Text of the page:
What the f#$% is schizo-affective disorder?

Schizo-affective disorder and I have gotten to know each other pretty well in the recent years, but not many other people know what it is.

I remember when I first heard of it. My GP and I were sat in his office. We were discussing my downfall, and finally working on a referral to a psychiatrist. He needed to give them a preliminary diagnosis. He heard me out – he listened to my symptoms, looked back on notes from previous visits. He told me not to flinch at the words, and then he said them: “Sounds like schizo-affective disorder. I can’t diagnose and treat you for it, so we need to scare the psychiatrist into seeing you as soon as possible.”

Apparently schizo-affective disorder was enough to push me to the front of the line. I had an appointment within two days.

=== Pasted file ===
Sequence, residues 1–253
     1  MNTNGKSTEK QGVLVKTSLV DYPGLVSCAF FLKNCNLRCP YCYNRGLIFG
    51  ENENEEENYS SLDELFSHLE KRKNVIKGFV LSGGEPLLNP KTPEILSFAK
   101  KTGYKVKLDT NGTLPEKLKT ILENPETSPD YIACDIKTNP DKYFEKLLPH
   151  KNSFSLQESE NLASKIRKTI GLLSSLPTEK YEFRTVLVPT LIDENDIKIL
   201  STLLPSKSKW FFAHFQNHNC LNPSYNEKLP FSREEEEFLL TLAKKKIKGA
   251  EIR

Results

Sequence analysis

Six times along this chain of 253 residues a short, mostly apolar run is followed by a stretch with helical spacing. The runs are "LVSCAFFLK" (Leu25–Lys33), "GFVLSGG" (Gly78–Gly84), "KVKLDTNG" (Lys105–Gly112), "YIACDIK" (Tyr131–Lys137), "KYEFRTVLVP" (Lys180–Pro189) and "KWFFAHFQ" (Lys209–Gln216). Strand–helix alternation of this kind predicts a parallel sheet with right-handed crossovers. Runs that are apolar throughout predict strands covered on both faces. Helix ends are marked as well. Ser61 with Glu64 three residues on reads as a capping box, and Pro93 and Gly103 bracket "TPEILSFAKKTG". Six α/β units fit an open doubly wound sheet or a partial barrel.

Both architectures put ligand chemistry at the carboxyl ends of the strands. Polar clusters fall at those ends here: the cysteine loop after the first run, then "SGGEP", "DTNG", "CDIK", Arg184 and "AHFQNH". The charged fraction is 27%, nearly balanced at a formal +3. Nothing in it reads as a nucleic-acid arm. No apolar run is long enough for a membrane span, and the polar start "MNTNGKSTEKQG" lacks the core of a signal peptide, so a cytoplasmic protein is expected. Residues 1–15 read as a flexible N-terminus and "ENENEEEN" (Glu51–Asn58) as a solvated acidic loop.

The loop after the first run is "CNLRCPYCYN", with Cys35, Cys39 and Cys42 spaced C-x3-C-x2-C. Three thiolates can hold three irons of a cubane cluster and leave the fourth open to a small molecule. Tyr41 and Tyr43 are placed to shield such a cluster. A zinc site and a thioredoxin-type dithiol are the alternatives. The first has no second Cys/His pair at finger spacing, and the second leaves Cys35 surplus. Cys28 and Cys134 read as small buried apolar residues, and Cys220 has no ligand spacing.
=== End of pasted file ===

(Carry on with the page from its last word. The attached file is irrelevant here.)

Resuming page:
It sounded so intimidating. The ‘schizo’ part just screams out ‘you’re crazy!’ I didn’t know what to think of it. Mainly because I didn’t really know what it was. There isn’t exactly a way to describe it clearly. In fact, it’s not very well understood at all – not even by the doctors – which is why it took so long for me to be properly diagnosed.

Schizo-affective disorder, at the end of the day, is a mix-match of schizophrenia and bi-polar disorder. It’s a hybrid of two very well-known mental illnesses, but it means something different for everyone with the diagnosis.

Some people with schizo-affective disorder may only have very mild schizophrenic symptoms. Some may have very severe ones. Some may have seemingly none at all.

Schizo-affective disorder can disguise itself unintentionally. Since it embodies characteristics of other better-known, more common disorders, it can be extremely difficult to recognize.